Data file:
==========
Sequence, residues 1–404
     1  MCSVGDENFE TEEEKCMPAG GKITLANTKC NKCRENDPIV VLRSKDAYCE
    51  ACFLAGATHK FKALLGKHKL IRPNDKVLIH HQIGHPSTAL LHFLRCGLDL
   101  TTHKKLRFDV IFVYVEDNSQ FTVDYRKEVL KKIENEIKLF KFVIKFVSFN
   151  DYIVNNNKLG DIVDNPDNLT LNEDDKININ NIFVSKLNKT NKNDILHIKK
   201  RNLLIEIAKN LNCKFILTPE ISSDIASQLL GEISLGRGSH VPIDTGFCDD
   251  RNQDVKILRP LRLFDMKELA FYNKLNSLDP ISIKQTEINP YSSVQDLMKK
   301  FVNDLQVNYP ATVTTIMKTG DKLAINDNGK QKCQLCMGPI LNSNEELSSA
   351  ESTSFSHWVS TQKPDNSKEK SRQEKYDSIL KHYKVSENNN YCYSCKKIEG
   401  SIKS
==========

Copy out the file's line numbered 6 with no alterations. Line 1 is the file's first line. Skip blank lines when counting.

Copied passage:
   201  RNLLIEIAKN LNCKFILTPE ISSDIASQLL GEISLGRGSH VPIDTGFCDD